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How to make healthcare decisions and get the best results

One of the benefits of healthcare training is that I have the opportunity to learn how the human body works. I can also access some of the latest research, and make decisions informed by my values, the evidence, and my personal experience. We call this evidence based practice.

The foundation of evidence based practice rests in the scientific method. This may or may not be appealing to various swathes of humanity. However, when I take stock of the various healthcare decisions that I will need to make personally, or on behalf of family members, I like to at least know that I have the important facts on hand.

A great method to find useful healthcare information that is reputable and trustworthy is to seek out Cochrane Systematic Reviews from the Cochrane Library. Why this site as opposed to google, or some other web browser?

Information on google is notoriously biased. Often times, perverse interests of media, business, or other vested parties are attempting to manipulate the system or algorithm. Advice, especially for conditions such as back pain, neck pain, or other musculoskeletal conditions is often conflicting depending upon what profession one sees. For example, it is the rare surgeon who doesn't recommend surgery; a rare GP who doesn't recommend a prescription; and a rare chiropractor who doesn't recommend spinal manipulation/adjustments for low back pain.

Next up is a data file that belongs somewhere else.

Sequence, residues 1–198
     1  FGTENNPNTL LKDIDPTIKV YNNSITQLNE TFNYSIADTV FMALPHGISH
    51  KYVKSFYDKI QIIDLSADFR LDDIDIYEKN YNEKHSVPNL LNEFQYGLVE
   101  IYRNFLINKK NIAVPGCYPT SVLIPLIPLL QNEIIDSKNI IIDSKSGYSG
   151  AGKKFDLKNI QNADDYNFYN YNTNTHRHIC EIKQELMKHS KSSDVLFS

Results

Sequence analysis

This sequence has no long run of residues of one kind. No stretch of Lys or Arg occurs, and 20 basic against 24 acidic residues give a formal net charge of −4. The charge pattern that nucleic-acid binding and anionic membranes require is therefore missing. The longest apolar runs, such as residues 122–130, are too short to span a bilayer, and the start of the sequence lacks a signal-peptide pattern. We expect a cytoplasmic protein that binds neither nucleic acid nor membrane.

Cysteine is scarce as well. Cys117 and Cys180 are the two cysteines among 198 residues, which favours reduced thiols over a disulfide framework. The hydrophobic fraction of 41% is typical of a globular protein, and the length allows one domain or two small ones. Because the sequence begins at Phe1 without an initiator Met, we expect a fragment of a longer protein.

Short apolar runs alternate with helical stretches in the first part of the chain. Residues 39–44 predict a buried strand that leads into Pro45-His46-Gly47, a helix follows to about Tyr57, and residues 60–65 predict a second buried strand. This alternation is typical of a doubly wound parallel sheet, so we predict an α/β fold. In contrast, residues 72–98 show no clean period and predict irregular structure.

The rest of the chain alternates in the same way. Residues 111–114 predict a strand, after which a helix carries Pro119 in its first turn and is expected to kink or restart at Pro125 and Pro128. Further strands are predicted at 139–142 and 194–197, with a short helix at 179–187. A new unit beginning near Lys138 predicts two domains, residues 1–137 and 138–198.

With Cochrane Reviews, the goal is to remove professional bias and promote scientific evidence based on teams of researchers using advanced methodology and statistical analysis. Furthermore, their goal is to then make a plain language statement for consumers of healthcare to make an informed choice.

Other means of making informed choices include using a heuristic, or mental shortcut, to search out Systematic Reviews and Meta-analysis. These are important because they are the top of the evidence based pyramid.

Still other methods of finding useful research include Clinical Practice Guidelines, which are summaries of research in a particular area and for a particular field. They are meant to be standards by which healthcare practitioners use for guidance.

Lastly, if you wish to have a good set of questions to ask me (or any healthcare practitioner), here are a few:

  1. Has this treatment been proven to work in high-quality studies?

  2. What were the actual results?

  3. Are the benefits worth the risks?

  4. What alternatives are there?

  5. What would happen if I did nothing?

These questions are a good armament to ask a healthcare practitioner. This should encourage discussion, information exchange, and education so that you can make an informed decision about the health of you and of loved ones.


Hippocrasy, by Rachelle Buchbinder and Ian Harris. Newsouth books, Sydney 2021.

The Cochrane Library, accessed July 2021:

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